• Solder two wires to each motor long enough to reach the motor controller. I used black and red wires from here along with the connector board. You can choose other methods and or colors to your liking.
  • Run the wires you have for the LEFT and RIGHT sides through the chassis as pictured.
  • Connect the LEFT motor to the first output channel on the motor controller, with the BLACK wire in the first screw terminal and the RED in the second.
  • Connect the RIGHT motor to the second output channel on the motor controller, with the BLACK wire in the first screw terminal and the RED in the second.
  • Connect S1 to IO pin 12 of the UNO
  • Connect one of the GND pins of the RoboClaw to on on the UNO

SEE pictures for more details

NOTE: Later you may have to switch the RED and black wires around if the bot is not going in the correct direction once you power it on for testing and use.

Step 8: Wiring the Servos

Run the servo wires in a neat and tidy fashion to the Pololu servo controller. The gripper servo wire can be run through the 6" boom tube. You will need to use 3 jumper wires for it to be long enough to make it to the controller. For the boom servo wire, just wrap it around the 4" boom tube.

  • Boom servo -> Pololu servo controller servo '0'
  • Gripper servo -> Pololu servo controller servo '1'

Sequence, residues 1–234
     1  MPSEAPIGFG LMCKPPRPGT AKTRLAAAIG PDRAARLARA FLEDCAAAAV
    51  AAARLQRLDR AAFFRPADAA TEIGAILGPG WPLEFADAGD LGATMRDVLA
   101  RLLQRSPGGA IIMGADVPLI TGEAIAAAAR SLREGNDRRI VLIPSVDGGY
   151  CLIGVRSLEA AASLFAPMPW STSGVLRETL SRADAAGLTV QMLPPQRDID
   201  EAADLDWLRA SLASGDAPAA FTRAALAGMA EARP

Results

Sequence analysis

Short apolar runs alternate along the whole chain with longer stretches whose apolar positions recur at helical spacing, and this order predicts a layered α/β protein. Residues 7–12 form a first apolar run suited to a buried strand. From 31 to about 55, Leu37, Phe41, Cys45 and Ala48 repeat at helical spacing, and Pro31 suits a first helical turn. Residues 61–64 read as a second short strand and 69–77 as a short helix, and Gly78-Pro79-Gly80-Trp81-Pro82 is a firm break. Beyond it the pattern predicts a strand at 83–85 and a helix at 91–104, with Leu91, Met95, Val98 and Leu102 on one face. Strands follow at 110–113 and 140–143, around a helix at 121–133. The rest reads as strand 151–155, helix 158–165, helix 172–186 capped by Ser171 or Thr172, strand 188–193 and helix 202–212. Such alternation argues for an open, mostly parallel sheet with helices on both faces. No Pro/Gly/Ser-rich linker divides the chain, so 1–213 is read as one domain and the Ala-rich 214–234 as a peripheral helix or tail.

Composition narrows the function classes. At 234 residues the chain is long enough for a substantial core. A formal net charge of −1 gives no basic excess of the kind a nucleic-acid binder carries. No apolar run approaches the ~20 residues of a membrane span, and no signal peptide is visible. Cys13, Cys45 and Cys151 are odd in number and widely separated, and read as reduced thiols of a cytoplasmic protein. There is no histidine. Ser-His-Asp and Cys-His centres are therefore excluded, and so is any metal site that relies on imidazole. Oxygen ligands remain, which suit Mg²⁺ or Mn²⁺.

• Pololu servo controller GND pin to UNO GND pin
  • Pololu servo controller 5v to UNO 5v pin

See the pictures for more details.

Step 9: Wiring the Bluetooth Module

  • Bluetooth adaptor Tx -> UNO pin 0
  • Bluetooth adaptor Rx -> UNO pin 1
  • Bluetooth adaptor GND to a free GND on the UNO
  • Bluetooth adaptor Vcc to a free 5V on the UNO

NOTE: to program the UNO, you will need to leave the 5V line disconnected from the Bluetooth adaptor until done.

Step 10: Wiring the Batteries

  • Connect the POS (+) of the 11v battery pack to the POS (+) of the RoboClaw motor power in.
  • Connect the POS (-) of the 11v battery pack to the POS (-) of the RoboClaw motor power in.
  • Connect the POS (+) of the 6v battery pack to the POS (+) of the Pololu servo power in.
  • Connect the POS (-) of the 6v battery pack to the POS (-) of the Pololu servo power in.